US lobbyists get $1m in effort to secure permit for European routes
Scandinavian airline Norwegian has paid a total of over $1m to a high-profile Washington lobby firm and a former senior civil servant with the US Department of State in its efforts to secure a US permit for its Dublin-based subsidiary, according to figures seen by the Irish Independent.
Norwegian Air Shuttle's Irish subsidiary, Norwegian Air International (NAI), has been pressing US authorities to issue it a permit to enable it to fly to America from Europe.
Aviation unions in America opposed to NAI's plans have also made donations totalling hundreds of thousands of dollars to US politicians who are fighting their case against the carrier in Washington.
The payments by Norwegian Air Shuttle were made between 2014 and 2016 amid a background of intense lobbying for and against the Irish subsidiary's plans to operate flights from Europe to the United States under the Open Skies deal.
NAI has been trying to secure a permit to fly from Europe to the US for over two years.
The US Department of Transportation indicated in April that it intended to grant the permit, but the process has since stalled.
The EU has warned the US that the failure to issue the permit could damage wider trade relations between them.
US aviation unions claim that NAI only wants to use Ireland as a base to circumvent more stringent labour laws in Norway, something it and Norwegian Air Shuttle have consistently denied.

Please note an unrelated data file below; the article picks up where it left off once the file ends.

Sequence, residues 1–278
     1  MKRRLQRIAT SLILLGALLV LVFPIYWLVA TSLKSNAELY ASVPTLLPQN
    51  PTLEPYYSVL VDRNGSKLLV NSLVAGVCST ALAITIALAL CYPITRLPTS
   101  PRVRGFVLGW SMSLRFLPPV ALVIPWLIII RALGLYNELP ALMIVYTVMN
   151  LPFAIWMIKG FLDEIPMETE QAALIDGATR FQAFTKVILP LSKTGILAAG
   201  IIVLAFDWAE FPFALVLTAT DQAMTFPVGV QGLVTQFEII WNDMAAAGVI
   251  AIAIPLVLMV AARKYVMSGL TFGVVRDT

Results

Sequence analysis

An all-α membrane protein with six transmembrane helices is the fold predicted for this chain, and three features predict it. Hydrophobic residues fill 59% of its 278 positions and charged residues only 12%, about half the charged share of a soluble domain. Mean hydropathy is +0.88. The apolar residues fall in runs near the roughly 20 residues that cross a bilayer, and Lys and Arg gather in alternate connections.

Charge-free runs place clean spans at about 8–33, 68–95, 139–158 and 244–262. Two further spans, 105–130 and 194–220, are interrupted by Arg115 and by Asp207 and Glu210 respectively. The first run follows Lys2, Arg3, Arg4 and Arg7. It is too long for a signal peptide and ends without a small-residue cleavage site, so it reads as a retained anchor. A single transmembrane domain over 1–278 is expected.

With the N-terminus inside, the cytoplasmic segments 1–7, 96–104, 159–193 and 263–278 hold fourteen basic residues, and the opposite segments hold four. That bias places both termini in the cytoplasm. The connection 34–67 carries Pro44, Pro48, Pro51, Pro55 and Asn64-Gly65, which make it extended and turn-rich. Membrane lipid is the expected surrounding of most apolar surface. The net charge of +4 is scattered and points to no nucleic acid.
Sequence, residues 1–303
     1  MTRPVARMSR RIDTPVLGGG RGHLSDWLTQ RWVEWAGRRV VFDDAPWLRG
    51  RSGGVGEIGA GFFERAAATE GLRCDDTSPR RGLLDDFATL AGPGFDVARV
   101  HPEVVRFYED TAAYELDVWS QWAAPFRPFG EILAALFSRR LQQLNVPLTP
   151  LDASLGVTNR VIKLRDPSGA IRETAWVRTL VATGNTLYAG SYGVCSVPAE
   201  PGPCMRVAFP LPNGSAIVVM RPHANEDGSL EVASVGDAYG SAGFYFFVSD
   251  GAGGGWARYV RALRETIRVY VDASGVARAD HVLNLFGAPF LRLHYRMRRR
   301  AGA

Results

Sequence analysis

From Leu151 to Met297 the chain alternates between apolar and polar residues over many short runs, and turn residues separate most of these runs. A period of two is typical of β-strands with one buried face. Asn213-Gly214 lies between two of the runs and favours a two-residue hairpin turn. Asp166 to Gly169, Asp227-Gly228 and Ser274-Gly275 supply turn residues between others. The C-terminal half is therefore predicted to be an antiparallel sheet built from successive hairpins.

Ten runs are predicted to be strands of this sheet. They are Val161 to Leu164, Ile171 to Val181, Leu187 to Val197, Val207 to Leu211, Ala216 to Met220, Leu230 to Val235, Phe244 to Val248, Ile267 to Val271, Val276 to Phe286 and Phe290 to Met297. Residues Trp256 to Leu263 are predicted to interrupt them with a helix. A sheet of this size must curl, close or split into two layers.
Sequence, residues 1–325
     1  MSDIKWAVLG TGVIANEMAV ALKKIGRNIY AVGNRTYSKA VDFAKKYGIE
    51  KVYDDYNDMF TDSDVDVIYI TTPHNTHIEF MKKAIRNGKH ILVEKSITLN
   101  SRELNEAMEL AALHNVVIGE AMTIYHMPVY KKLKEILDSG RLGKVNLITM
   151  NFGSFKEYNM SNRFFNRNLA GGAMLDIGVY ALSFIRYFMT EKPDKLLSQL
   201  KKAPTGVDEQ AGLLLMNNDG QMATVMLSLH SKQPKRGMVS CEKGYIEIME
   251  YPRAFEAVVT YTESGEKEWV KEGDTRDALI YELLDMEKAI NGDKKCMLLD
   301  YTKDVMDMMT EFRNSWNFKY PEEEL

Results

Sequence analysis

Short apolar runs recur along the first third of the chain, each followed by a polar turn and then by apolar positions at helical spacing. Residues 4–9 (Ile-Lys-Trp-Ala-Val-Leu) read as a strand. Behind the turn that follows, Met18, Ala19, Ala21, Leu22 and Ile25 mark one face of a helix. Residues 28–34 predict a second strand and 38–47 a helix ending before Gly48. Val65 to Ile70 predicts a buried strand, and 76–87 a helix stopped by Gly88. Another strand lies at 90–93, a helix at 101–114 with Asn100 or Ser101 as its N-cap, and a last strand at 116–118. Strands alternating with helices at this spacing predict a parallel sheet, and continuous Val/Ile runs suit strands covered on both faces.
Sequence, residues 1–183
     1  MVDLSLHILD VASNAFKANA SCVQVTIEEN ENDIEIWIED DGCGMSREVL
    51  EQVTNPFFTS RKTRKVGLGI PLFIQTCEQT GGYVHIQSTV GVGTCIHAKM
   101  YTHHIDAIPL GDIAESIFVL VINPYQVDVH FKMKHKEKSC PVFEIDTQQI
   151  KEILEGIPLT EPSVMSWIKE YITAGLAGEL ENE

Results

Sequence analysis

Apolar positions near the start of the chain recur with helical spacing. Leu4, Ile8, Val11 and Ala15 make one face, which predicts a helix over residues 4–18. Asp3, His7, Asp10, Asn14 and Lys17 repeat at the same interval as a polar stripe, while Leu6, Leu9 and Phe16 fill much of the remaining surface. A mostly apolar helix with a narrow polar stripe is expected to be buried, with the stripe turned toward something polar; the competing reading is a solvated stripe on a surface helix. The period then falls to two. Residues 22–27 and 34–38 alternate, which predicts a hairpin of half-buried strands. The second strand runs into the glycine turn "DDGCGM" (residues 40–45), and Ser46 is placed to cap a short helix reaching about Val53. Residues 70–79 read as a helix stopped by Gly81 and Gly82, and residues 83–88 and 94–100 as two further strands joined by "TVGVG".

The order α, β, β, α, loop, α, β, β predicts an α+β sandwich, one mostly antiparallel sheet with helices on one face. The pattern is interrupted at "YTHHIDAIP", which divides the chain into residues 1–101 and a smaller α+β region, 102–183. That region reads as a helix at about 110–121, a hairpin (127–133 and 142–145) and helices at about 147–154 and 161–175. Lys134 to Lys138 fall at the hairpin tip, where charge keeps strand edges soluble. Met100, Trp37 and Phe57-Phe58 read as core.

NAI wants to launch routes including services from Cork to Boston and New York. Dozens of companies, organisations and high-profile individuals in Ireland had submitted letters of support for NAI's plan to the US Department of Transportation.
In the US, many aviation unions have opposed NAI, although many airports there have voiced their support for the Ireland-based carrier.
Filings collated by the Centre for Responsive Politics in the US show that Norwegian Air Shuttle paid $450,000 in lobbying fees in 2014. That included $360,000 to Washington-based public relations firm Prime Policy Group, and $90,000 to John Byerly.
Mr Byerly is a former deputy assistant secretary for transportation affairs at the US State Department. In 2015, Norwegian paid $360,000 to Prime Group and $60,000 to Mr Byerly.
So far this year, Prime Group has been paid $180,000, and Mr Byerly has received $40,000 from Norwegian. Mr Byerly also has also lobbied on issues in the US on behalf of Emirates.
Prime Policy Group is among the biggest lobby firms in Washington DC. It's a unit of London-based global advertising giant WPP. Prime Policy's clients include companies and organisations such as GlaxoSmithkline, Airbus and the National Rifle Association.
So far this year, the firm has raked in at least $4.5m in lobbying fees. Last year, its figure was just over $10m.
"The unique nature of the US political and legal system mean that Norwegian employs a law firm and advisors in Washington to advise on key political and legal matters - this is common practice among large organisations operating in the US," said a spokesman for Norwegian.
He added: "Their work includes advising on Norwegian's applications to the US Department of Transportation (DOT) and in communicating NAI's legitimate right for a foreign carrier permit - a fact clearly acknowledged in the DoT's tentative approval of NAI earlier this year."
He said that no other lobbyist payments have been made by the airline in the US or Europe.